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celebrated by the Grecian orators as the seat of science and philosophy. Here he is said to have cultivated Gentile literature, and to have attained the theory of his

profession. Some, however, have doubted whether he be the person meant in the following verse of St. Paul to the Colossians,

Luke, the beloved physician, and Demas

greet you;" though the epithet “beloved” might seem to be exclusively appropriate to St. Luke, when St. Paul was the writer, and wrote of one then present with him. Of this great Apostle St. Luke was the constant companion in all his travels and dangers by sea and land; attending him, as appears by the Acts, in his last voyage to Rome, and probably witnessing his death.

Only Luke is with me,” says St. Paul, in his second epistle to Timothy, written from Rome: and in the Epistle to Philemon he calls Luke his fellow-labourer".

I should not have noticed an unfounded rumour, that St. Luke was the professor of another art, had not the subject been connected with what we esteem superstitious

h 2 Tim. iv. 11. Phil. iv. 24.

ceremonies in the Romish Church. The report that this Evangelist was a painter, and had transferred to the canvass, and left behind for the homage of posterity, the corporeal features of the Virgin Mary, was an invention of the sixth century, intended no doubt to propagate the impious adoration then begun to be offered to the Virgin, and confirm the general veneration, whatever may be its nature, paid to the pictures, images, and relics of pretended saints.

Of the real profession of this Evangelist it may be observed, that the practice of medicine was not held in such esteem among the Jews as among the more polished nations of ancient or modern times, and that the professor of that art could therefore derive no advantage from it in the propagation of his religious opinions'.

i The dignity and wealth of Antonius Musa, the friend of Horace, forms no exception to this rule, of the inferior rank and influence of physicians in ancient when compared with modern times. He was originally the freedman of Augustus. But it is here worth remarking, that, of the immediate followers of our Saviour, those on whom the duty must devolve of examining evidence, before they sur

soul. Let us fervently address God in the words of the collect appropriated to that day on which our Church celebrates or commemorates the merits of this Evangelist:

Almighty God, who calledst Luke the physician, whose praise is in the Gospel,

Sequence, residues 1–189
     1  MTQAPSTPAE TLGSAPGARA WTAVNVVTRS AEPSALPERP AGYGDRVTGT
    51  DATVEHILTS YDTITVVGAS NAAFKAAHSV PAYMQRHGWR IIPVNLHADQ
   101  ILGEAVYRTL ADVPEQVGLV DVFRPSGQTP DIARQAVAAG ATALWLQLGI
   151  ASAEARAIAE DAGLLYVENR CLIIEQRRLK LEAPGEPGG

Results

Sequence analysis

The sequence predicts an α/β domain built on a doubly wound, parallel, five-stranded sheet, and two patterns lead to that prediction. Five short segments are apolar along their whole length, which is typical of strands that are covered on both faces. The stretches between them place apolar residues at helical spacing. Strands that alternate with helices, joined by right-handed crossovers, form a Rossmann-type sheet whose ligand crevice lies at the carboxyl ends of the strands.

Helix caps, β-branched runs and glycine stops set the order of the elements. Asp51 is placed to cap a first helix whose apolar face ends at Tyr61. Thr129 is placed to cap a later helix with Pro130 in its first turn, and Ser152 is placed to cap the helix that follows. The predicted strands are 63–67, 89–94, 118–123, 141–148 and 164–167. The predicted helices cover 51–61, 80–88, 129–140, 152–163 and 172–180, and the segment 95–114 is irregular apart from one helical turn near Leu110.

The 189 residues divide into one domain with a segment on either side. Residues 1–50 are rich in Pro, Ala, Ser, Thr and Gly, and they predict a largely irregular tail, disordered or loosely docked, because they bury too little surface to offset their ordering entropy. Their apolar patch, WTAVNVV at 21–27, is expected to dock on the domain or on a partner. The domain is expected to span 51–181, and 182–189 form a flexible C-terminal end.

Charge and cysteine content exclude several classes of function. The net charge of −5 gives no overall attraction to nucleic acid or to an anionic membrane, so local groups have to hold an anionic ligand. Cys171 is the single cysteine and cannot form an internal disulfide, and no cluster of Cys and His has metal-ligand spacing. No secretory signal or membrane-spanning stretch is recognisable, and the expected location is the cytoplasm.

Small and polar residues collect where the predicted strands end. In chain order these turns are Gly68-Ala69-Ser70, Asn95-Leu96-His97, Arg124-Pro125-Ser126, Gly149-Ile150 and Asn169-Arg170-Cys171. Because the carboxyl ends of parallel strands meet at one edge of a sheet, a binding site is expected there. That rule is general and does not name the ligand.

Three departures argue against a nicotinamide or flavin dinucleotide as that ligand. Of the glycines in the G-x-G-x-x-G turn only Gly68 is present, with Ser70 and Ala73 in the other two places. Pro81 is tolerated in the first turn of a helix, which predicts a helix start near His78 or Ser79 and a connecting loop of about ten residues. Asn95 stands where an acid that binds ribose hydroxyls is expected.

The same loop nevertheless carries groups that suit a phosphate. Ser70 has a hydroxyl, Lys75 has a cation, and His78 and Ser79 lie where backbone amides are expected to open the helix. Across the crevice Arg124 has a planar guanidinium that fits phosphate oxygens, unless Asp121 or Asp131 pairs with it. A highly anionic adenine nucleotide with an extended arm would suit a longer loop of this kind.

to be an evangelist and physician of the “ soul, may it please thee, that by the “ wholesome medicines of the doctrine de“ livered by him all the diseases of our “ souls may be healed, through the merits “ of thy Son Jesus Christ our Lord.”



St. John xxi. 23, 24.

Then went this saying abroad among the brethren, that

that disciple should not die : yet Jesus said not unto him, He shall not die; but, If I will that he tarry till I come, what is that to thee? This is the disciple which testifieth of these things, and wrote these things; and we know that his testimony is true.

I am come now to the last of the Evangelists: the last, both with respect to the position which his work occupies in the Canon of the New Testament, the period at which it was written, and the death of the writer. The personal history of St. John himself affords a singular proof of the truth of that which he has recorded respecting others, and more particularly his Divine Master. The text, you will perceive, contains a proThis, then, is the man whose praise is described by his illustrious friend and fellow-labourer, St. Paul, as being sounded through all the Churches at that early period of Christianity; and not that only, “ but who was also chosen of the Churches to travel with him with that


which was administered by him to the glory of the Lord.”

From thence has the name of St. Luke been handed down to posterity through successive ages : but let us not forget that his highest praise will be found in the lives of those who profess to believe his Gospel. The object for which Evangelists and Apostles wrote and travelled, and devoted themselves to martyrdom, was to improve mankind in virtue and holiness, to save their

rendered themselves to the new faith, were men rendered competent to the task by previous habits : Mark, of the tribe of Levi, and of a sacerdotal family *, and Luke, a physician, who had cultivated science in the schools of Antioch. The disciples, who conversed with their Divine Master, obeyed the irresistible perceptions of their natural


Hieron. Præf. in Marcum, Vol. ix.

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